loop knot used to form single or double endline loop(s) in a rope. often to attach items to the rope (see bowline on a bight. running bowline).
|Names||Bowline, boling knot (archaic)|
|Related||Sheet bend, double bowline, water bowline, Yosemite bowline, Spanish bowline, Portuguese bowline, triple bowline, bowline on a bight, running bowline, poldo tackle, Eskimo bowline, cowboy bowline, Cossack knot, Kalmyk loop|
|Typical use||Making a fixed loop in the end of a line|
|Caveat||While widely considered a reliable knot, when tied in certain materials or loading conditions it may not hold. Tends to work itself loose when not under tension.|
The bowline (// or //) is an ancient and simple knot used to form a fixed "eye" at the end of a rope. It has the virtues of being both easy to tie and untie; most notably, it is easy to untie after being subjected to a load. The bowline is sometimes referred to as King of the knots because of its importance. Along with the sheet bend and the clove hitch, the bowline is often considered one of the most essential knots.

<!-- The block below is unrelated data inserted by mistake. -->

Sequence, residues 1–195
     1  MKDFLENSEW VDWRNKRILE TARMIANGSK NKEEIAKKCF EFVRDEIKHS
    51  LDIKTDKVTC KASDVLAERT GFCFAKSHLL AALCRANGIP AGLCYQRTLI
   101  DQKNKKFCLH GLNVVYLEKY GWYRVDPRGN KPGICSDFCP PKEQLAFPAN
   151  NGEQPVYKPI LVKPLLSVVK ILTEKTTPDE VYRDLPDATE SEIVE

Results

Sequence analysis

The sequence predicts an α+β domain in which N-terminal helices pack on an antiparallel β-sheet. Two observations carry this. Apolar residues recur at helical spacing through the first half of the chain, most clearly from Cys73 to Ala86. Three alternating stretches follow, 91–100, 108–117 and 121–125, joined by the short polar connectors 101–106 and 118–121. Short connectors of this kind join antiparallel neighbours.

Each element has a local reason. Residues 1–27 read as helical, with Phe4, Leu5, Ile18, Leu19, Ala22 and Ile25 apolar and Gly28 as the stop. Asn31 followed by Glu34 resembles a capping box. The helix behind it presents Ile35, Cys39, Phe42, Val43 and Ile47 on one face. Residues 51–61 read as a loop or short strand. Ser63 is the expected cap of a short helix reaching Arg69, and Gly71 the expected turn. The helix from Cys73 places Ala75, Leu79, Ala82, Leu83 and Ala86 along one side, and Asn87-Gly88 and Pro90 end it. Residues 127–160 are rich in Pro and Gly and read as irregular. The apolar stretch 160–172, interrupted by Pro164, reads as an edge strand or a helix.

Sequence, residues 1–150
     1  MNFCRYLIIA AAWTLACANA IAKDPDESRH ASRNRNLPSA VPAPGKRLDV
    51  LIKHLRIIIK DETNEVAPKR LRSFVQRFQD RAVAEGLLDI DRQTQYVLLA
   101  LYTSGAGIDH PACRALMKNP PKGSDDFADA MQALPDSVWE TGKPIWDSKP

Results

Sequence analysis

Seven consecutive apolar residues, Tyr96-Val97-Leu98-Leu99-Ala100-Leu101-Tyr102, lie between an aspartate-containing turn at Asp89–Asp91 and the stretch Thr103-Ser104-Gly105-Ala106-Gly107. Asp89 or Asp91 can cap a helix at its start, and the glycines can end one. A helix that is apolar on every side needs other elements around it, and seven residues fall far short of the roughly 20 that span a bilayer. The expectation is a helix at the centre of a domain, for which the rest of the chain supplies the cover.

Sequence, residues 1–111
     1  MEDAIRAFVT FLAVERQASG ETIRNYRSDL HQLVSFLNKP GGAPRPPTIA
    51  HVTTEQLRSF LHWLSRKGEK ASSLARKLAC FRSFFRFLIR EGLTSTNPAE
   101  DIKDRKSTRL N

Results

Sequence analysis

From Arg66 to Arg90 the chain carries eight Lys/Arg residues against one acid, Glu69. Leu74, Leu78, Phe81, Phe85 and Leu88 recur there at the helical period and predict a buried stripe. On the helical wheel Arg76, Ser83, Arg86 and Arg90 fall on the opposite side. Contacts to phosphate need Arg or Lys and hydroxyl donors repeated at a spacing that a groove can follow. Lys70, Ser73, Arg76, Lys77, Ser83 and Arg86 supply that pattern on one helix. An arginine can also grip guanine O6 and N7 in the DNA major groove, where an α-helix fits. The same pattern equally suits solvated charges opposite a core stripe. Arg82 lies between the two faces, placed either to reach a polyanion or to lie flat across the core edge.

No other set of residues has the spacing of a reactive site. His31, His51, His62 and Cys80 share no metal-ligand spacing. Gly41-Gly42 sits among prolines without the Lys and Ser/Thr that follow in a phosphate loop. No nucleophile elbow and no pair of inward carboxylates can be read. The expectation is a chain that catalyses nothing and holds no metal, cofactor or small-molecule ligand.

The common bowline shares some structural similarity with the sheet bend. Virtually all end-to-end joining knots (i.e., bends) have a corresponding eye knot.
Although the bowline is generally considered a reliable knot, its main deficiencies are a tendency to work loose when not under load, to slip when pulled sideways and the bight portion of the knot to capsize in certain circumstances. To address these shortcomings, a number of more secure variations of the bowline have been developed for use in safety-critical applications.